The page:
I have a problem that nobody has heard of. In my gravel, there are little black dots. With a magnifying glass, they look like little fleas or ticks. You can see the legs and watch them move. The problem is they kill all new fish. All the older fish succumbed — even the catfish. A dead fish is gone in hours. Thanks for any help.
Let’s discuss some possibilities. First off, I doubt these tiny critters are killing your fish. It is more likely that they are scavengers. Hobbyists see organisms on a dead or dying fish and assume they murdered it when it’s much more likely that they are merely opportunistic scavengers. This is backed up by your statement that a dead fish is gone in hours. Parasites don’t feed on dead hosts — scavengers do.
This may point to insufficient maintenance as a probable cause of your problem. First, insufficient water changes would let the water chemistry deteriorate to a point where it kills the fish. It would also let populations of scavengers develop to a point where they could consume a dead fish in hours. Regular partial water changes, using a gravel vacuum, would clear up both issues. It would freshen the water and siphon out most of the microbeasties, preventing them from developing large populations. Check your ammonia, nitrite and pH levels to be sure that they are where they should be.
Now, let’s look at possible identifications of the critters themselves. Your description described them as “black dots,” “fleas” or “ticks.” To me, those three things look very different, but here are some possible organisms that fit each description.
To me, “dot” suggests round. Ostracods are round and could have dark color. A common name for these critters is “seed shrimp.” They have a shrimplike body encased in a clamlike shell and resemble Daphnia. Their antennae poke out the front of their shell, and the seed shrimp use them in a rowing motion to swim. They also use them to feel and filter bits of food from the water. The antennae could resemble legs to the observer. Seed shrimp grow to around one-eighth inch.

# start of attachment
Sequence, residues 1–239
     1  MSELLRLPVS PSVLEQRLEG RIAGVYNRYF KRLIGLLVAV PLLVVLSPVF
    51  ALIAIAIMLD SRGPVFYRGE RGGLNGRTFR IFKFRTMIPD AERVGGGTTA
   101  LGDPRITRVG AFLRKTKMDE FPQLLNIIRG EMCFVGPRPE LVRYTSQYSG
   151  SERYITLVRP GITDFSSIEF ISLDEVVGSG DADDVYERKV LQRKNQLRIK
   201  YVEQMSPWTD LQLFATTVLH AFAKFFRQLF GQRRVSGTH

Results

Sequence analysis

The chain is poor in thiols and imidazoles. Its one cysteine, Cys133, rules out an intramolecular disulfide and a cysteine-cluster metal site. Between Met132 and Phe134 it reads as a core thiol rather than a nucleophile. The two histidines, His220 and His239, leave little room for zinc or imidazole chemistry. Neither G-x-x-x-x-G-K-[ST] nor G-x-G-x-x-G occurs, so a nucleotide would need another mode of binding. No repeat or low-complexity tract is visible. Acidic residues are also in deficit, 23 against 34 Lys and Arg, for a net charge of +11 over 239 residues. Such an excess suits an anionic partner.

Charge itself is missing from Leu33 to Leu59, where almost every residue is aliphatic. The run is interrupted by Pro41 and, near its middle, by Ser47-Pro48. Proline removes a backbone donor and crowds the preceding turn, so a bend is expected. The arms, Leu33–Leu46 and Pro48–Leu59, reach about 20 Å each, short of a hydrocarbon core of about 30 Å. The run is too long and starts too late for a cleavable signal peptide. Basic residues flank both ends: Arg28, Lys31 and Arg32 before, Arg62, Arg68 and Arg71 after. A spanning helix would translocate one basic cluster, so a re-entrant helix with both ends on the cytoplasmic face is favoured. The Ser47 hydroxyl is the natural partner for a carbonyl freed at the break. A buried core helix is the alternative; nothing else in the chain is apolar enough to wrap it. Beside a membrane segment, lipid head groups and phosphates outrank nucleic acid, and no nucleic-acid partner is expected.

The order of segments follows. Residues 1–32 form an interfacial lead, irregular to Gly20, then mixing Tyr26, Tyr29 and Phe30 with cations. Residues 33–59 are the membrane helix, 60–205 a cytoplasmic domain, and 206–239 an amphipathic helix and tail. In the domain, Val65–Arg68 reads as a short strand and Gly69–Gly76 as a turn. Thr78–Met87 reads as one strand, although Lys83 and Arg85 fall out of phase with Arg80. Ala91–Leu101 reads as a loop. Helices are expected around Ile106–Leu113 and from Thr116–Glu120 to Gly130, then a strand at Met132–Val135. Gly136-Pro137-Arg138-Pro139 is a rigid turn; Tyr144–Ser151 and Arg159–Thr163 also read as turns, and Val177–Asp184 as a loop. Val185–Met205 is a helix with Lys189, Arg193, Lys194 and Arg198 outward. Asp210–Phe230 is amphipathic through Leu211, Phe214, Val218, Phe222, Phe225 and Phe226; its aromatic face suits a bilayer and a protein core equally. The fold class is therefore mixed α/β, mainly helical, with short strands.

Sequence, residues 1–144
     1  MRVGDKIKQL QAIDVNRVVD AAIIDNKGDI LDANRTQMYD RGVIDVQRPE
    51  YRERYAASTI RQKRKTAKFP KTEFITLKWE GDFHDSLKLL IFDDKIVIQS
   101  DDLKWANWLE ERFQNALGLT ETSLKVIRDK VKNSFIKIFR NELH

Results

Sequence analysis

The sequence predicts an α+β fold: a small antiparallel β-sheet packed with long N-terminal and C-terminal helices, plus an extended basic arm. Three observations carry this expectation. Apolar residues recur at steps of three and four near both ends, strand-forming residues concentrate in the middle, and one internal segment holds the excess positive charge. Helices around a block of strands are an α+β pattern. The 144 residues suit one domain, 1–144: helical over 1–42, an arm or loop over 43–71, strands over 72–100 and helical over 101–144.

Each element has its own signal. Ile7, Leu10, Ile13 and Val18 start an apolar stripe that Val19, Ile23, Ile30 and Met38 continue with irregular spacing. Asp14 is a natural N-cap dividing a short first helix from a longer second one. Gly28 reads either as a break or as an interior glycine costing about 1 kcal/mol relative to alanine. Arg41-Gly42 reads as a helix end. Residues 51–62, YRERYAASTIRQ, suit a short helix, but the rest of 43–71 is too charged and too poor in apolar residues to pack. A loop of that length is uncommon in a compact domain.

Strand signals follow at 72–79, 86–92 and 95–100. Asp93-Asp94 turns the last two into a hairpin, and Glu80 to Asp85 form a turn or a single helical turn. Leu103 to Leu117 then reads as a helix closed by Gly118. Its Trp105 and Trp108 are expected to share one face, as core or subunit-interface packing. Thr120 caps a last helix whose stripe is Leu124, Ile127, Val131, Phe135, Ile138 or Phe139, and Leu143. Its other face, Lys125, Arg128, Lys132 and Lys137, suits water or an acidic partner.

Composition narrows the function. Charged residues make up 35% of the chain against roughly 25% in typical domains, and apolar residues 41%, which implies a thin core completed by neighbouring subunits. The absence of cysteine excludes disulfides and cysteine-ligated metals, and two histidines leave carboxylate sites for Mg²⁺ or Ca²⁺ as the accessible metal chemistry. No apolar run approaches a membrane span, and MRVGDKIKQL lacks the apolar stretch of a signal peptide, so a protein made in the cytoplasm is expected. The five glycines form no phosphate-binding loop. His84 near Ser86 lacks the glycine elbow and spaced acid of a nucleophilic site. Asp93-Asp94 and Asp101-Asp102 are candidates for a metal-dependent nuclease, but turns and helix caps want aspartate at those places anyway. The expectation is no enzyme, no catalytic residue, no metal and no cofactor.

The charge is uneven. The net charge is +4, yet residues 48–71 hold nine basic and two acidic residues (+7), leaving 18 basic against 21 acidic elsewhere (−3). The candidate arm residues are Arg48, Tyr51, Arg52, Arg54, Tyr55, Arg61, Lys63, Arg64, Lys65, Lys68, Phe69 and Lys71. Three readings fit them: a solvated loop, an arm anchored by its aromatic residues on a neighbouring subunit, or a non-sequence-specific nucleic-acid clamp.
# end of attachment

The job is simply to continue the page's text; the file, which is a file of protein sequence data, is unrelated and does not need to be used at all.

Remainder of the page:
Interestingly, ostracods are parthenogenic during the summer, meaning that females give birth to clones; so, if one seed shrimp hitchhikes into your aquarium on an aquatic plant, it’s possible to have a whole swarm in no time. It’s not rare for aquarists to suddenly notice a swarm of them swimming about the aquarium. Don’t worry — they are harmless scavengers, and many fish snack on them.
Your description of “flea” perfectly fits the description of Gammarus shrimp, also called scuds or sideswimmers. They are shaped much the same, with a thin but tall body. They grow up to a half inch, though, so they may be too large for your description as “dots.” Scuds arrive as hitchhikers on aquatic plants, and live in the gravel and detritus. Hobbyists often spot them zooming and looping around the aquarium. They, too, are harmless scavengers, and I’d consider them to be desirable. Most fish relish them as a snack. Gammarus shrimp would happily congregate on a freshly dead fish to enjoy a hearty meal.
I can think of only one group of aquatic animals whose shape could be described by the word “tick”: the water mites. Those, too, sometimes arrive as hitchhikers on aquatic plants. Some are brilliant red and quite attractive, and there are green, brown and black species, too. As larvae, water mites are mostly external parasites to aquatic insects and small crustaceans. They bite into the soft tissue between the hosts’ joints.
Though some adult water mites remain parasites, most become independently living predators to tiny aquatic insects and crustaceans. They actively hunt them, pierce them with their mouth parts and inject a digestive saliva that dissolves some of the tissue, which is sucked out for food. They’re a bit like spiders that don’t create webs. Some species are herbivores as adults.
Though I have never heard of an actual case, there are species of water mites that can act as gill parasites to fish. Perhaps your aquarium has acquired one of them. If so, a visit to your local aquarium store to obtain a medication containing copper sulfate or trichlorofon would be the remedy. (The same treatment would also destroy the harmless scuds and seed shrimp, though.) The problem with this diagnosis remains that if gill mites killed the fish, they would drop off to find a new host or die along with it. They wouldn’t consume the dead body.
Finally, since you say these mystery animals have legs, they could be hatchlings of any of hundreds of species of aquatic insect larvae. However, I can’t think of any species that would be predators to fish at such a tiny size. Happy fishkeeping!